Amarjit says he's surprised at being picked captain
New Delhi: Amarjit Singh Kiyam was taken by surprise when he was chosen by his team-mates to lead the India U-17 World Cup side in an internal poll ordered by head coach Luis Norton de Matos.
He, however, insisted that he believes in unity of the team and not on individuals.
Head coach de Matos told his 21 boys to pick a captain of their choice and Manipuri midfielder Amarjit got the highest number of votes, ahead of Jitendra Singh and Suresh Singh Wangjam who led the side in the AFC U-16 Championships and BRICS Cup 2016 held in India. "I was very much surprised when the coach told me that I was the captain of the team. It was an amazing feeling for me.But at the end of the day we play as a team, we win as a team and we lose as a team. Individuality matters little, unity is the strength of this team," Amarjit said.
Hailing for Haokha Mamang village in Manipur's Thoubal district, Amarjit faced hardships during his childhood days as his farmer father and fish-seller mother toiled hard to run their family and at the same time saved some money from their meagre income to support their son's passion — football.
That could explain Amarjit's unassuming demeanour. But, he asserted that he will stamp his authority when the need arises. "I speak when it is needed, I don't speak unnecessarily.I don't mince words (when I feel it is necessary). There is no particular philosophy of my captaincy. In fact, I want everyone to be a captain in their own right and dominate their part of the pitch," he said, making it clear that he is the leader of the team. Asked if India can give a tough competition against the likes of United States of America, Colombia and former champions Ghana in Group A, Amarjit said India will dish out a performance worthy of a side hosting a prestigious FIFA event.
"Every team in the World Cup poses challenges of its own. We respect our opponents and they will be tough competitors. But we will play to win and will fight on the pitch until the end," the 16-year-old midfielder said. Growing up in a football-mad state in a remote corner of the country, Amarjit had dreamt of donning national colours since his childhood. He is now on the verge of achieving the dream of playing in the biggest global stage in his age level.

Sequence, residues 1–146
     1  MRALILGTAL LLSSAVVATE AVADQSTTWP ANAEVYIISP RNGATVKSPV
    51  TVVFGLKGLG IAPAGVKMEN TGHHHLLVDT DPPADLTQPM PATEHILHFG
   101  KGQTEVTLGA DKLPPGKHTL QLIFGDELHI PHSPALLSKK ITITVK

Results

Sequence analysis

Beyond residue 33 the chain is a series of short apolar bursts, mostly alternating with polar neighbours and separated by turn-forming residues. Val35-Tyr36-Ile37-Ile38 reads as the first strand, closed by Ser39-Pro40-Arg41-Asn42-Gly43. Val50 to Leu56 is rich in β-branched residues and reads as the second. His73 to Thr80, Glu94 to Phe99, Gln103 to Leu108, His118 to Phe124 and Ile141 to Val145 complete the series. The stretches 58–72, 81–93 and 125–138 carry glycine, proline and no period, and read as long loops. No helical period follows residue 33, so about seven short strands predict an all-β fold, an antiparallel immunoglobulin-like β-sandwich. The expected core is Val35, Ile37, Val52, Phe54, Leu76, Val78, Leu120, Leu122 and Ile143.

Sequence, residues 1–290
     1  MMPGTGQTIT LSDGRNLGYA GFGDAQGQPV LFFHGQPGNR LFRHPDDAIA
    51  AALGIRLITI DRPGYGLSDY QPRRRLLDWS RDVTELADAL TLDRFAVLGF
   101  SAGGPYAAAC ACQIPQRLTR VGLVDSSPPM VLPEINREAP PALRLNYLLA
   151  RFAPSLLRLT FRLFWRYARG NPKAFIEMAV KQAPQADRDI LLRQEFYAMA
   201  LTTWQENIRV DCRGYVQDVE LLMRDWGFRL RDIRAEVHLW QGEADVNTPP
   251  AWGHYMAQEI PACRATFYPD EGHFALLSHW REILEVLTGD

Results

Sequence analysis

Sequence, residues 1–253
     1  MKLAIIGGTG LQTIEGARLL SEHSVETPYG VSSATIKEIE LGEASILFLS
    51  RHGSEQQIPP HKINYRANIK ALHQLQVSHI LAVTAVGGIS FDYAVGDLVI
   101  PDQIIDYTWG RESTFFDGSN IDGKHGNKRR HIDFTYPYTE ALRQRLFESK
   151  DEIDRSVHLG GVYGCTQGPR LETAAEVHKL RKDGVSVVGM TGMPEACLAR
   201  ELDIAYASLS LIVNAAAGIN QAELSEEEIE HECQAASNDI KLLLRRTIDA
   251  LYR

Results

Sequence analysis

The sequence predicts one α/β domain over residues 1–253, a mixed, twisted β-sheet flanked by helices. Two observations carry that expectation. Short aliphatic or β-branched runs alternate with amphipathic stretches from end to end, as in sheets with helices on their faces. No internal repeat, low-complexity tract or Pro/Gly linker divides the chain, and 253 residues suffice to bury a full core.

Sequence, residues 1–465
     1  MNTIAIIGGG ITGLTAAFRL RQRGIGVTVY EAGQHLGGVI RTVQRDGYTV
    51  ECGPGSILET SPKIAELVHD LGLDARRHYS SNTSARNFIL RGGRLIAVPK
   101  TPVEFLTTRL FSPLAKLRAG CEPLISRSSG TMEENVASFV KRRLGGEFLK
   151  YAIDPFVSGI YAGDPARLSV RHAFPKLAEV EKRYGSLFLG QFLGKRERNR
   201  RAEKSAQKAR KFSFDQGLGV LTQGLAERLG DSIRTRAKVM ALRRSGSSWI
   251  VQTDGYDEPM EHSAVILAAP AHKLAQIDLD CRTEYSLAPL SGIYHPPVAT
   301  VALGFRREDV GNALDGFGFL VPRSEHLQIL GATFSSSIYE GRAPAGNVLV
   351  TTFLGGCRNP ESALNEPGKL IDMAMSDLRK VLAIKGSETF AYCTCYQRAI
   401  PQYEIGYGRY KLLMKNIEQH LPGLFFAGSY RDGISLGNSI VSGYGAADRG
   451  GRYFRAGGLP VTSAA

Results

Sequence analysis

"I used to think that one day I will represent the country and I am here now about to play in the U-17 World Cup. I still cannot believe it because it all feels like a dream," said Amarjit.
Amarjit fell in love with football at his local school and in 2010, he left for Chandigarh where his elder brother Umakanta Singh was enrolled at a football academy.
He joined Chandigarh Football Academy and that lessened the burden on his parents. The academy provided him free lodging, food and even bore the cost of education at a school in Chandigarh.
In 2015, during one of the exposure trips of CFA to Goa, Amarjit caught the eye of national selectors. He was called at the AIFF Academy in Goa and since then he has been training there.
Amarjit said his father Chandramani Singh Kiyam and mother Ashangbi Devi -- who sells fish everyday at the state capital in Imphal, which is 25 km from their home -- had always supported him to play football.
"My father is a farmer and during the off-season, he works as a carpenter but he never asked me to join him. He encouraged me to play football and follow my heart's desire," he said.
The FIFA U-17 World Cup will be held across six cities from October 6-28 and New Delhi's Jawaharlal Nehru Stadium will host all the three group matches involving India.
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